And yet: “It appears that parents no longer pay as much attention to the material and sustainability to the toys with older children,” says Matthias Meister from TicToys in Leipzig, who with Tony Ramenda has made it his mission to produce toys with as minimal an ecological footprint as possible. Together, they specialize in motion toys that can be used by both older children and adults for many years.
das.Brett – ecological moving toy by TicToys
The problem here: “While close attention to material is still paid for babies and toddlers, this attention seems to be neglected over time. However, sustainability is a consistently important topic,” says Matthias Meister and adds: “We make products for children. And children are our future. You should always ask yourself what added value a toy will have in the long term.”
Toys in the cycle: toys made from recycled materials
Other independent toy manufacturers and designers have also committed themselves to the idea of sustainable toys and offer unusual alternatives for long-lasting toys. One particularly creative approach is the Rockeees stacking game by Jean-Pierre Raes from Belgium, made from recycled refrigerators. This way, old discarded consumer products are given a new life and returned to the material cycle.
Rockeees – stacking game made from recycled refrigerators
Mathieu Collos, co-founder of the toy startup Clip it from France, goes even one step further. Instead of just recycling the material, it is given a new function; it is “upcycled.” As he himself puts it, “Recycling is incredibly important – but it also has its limits. Upcycling means that we transform certain material without wasting energy. By changing the meaning of an object, we reduce waste and save resources, especially CO2. In the development of Clip it, we wanted to think of the entire manufacturing cycle, not just the toy as a product.”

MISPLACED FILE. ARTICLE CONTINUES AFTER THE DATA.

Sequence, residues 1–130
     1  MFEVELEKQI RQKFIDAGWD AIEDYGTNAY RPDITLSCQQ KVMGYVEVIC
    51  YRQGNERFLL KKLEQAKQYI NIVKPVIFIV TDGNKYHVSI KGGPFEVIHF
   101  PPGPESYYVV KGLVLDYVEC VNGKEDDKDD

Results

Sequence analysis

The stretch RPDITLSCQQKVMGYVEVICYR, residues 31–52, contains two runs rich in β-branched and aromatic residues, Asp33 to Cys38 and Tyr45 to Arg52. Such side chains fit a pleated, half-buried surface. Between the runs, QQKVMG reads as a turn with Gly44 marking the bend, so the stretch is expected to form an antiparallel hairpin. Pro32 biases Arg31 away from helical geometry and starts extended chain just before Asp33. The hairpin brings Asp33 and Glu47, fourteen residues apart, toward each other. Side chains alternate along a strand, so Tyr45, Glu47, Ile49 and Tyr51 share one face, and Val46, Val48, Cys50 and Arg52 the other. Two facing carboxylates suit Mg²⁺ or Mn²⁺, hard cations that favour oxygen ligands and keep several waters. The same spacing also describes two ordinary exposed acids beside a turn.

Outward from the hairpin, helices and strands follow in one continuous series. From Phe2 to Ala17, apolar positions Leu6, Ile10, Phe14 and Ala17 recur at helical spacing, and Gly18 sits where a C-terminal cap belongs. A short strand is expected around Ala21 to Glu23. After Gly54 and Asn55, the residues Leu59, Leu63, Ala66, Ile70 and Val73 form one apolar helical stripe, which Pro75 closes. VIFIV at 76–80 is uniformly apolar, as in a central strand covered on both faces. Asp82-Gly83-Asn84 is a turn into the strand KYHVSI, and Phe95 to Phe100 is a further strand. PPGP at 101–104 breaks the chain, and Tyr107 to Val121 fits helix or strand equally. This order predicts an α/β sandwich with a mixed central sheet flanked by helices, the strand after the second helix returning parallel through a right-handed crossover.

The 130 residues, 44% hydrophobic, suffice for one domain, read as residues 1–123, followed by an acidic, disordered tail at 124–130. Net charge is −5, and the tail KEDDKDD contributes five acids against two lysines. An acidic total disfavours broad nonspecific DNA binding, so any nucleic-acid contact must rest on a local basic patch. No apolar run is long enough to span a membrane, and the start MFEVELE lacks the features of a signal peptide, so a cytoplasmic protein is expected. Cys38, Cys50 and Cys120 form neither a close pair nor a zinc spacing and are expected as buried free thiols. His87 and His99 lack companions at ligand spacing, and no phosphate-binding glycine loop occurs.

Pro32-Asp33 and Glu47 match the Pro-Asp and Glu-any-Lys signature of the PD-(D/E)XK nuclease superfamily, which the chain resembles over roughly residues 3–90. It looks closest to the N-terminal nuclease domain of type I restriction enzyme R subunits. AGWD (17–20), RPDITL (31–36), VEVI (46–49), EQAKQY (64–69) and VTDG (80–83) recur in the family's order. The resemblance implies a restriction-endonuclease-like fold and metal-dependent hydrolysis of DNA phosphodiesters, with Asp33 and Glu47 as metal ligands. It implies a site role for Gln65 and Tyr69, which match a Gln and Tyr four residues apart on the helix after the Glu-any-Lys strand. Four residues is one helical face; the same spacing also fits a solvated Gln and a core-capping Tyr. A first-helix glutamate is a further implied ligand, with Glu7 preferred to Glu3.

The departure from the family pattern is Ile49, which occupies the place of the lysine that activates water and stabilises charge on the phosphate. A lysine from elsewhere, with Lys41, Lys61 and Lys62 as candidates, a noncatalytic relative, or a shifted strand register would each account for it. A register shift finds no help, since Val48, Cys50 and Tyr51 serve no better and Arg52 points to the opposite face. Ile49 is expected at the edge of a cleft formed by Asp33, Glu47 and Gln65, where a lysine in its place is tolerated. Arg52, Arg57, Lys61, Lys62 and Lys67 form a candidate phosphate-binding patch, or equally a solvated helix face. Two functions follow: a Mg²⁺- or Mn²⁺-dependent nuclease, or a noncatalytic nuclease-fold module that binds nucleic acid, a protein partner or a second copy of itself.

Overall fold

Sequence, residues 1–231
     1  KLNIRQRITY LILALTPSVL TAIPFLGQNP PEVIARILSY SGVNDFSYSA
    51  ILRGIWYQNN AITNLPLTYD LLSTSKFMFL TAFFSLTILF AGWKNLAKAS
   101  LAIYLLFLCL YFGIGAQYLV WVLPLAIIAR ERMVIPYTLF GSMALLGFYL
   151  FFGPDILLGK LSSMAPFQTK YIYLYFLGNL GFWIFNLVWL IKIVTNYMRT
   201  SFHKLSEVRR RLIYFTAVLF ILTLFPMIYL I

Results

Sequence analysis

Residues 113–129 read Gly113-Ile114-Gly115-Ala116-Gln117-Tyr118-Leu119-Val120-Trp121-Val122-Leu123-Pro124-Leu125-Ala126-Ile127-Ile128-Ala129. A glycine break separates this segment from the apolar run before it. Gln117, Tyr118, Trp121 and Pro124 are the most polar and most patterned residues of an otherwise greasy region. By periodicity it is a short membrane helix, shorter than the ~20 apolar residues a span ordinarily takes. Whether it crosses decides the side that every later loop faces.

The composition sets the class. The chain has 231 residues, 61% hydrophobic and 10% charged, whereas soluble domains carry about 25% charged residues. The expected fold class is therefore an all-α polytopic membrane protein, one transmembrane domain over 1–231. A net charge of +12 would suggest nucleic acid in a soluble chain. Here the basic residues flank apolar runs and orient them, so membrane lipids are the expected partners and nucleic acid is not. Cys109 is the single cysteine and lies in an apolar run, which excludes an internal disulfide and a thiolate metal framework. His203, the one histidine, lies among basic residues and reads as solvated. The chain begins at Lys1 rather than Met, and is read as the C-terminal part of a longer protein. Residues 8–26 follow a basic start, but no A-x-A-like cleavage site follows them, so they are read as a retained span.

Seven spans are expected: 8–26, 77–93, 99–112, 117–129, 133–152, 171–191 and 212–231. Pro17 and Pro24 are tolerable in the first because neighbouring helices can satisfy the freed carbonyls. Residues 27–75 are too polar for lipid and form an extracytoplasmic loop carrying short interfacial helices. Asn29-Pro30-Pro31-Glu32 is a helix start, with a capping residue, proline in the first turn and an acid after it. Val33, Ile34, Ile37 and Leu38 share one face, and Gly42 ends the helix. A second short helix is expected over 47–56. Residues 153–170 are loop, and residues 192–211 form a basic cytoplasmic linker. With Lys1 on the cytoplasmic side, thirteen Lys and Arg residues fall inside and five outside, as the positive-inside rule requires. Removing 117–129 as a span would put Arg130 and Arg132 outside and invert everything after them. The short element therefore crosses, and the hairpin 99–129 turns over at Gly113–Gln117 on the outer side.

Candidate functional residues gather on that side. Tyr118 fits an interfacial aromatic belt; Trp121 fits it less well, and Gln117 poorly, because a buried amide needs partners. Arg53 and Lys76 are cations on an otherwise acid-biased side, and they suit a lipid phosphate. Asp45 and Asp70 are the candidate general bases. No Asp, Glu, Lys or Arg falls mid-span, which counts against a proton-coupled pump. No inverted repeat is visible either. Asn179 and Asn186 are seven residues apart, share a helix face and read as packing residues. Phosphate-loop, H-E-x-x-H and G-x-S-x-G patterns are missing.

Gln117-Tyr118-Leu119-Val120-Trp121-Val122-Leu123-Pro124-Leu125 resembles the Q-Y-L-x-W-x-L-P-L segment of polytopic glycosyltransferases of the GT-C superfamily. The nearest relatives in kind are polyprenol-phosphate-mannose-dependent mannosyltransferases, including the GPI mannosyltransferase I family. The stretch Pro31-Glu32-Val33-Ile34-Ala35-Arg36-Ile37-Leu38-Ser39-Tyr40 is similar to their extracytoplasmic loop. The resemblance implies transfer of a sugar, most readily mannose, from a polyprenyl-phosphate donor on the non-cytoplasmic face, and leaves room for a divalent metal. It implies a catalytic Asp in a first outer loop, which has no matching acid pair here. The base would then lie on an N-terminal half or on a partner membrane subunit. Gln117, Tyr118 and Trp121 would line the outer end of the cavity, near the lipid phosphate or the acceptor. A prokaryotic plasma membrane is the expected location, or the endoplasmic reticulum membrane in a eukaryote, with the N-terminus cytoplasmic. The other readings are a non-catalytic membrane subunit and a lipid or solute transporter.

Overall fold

The construction toy “Clip” consists of old plastic lids that can be collected by the children themselves and from which, with a little creativity, the most diverse works of art can be created. Those who at some point no longer have use for the game may donate their lids to the partner association Bouchons d’Amour among others, and thus actively participate in their charitable activities.
Clip it – construction toy made from recycled plastic bottle tops
A call to action: toys with a message
Another aspect not to be forgotten is that toys help to explain complex issues to children and make them more understandable. A good example is the »Little Sun« by artist Olafur Eliasson and Frederik Ottesen. Developed in 2012 as a solar flashlight for children, they playfully learn how easily sustainable energy can be created and used. In the meantime, the Little Sun has become an inspiration for both children and adults – and hopefully soon also for the toy industry to actively and consciously commit to renewable energies and living conditions of people in the global south.
Little Sun – solar flashlight for children and adults
Even the world’s largest toy fair in Nuremberg has proclaimed sustainability as a major goal. Under the motto “Toys for Future” – based on the climate movement “Fridays for Future” – international toy manufacturers showed products in 2020 that are made of natural materials and are intended to make children more ecologically aware. However, one thing is certain for both parents and the toy brands: we only want the best for our children and that is a future worth living on a healthy planet.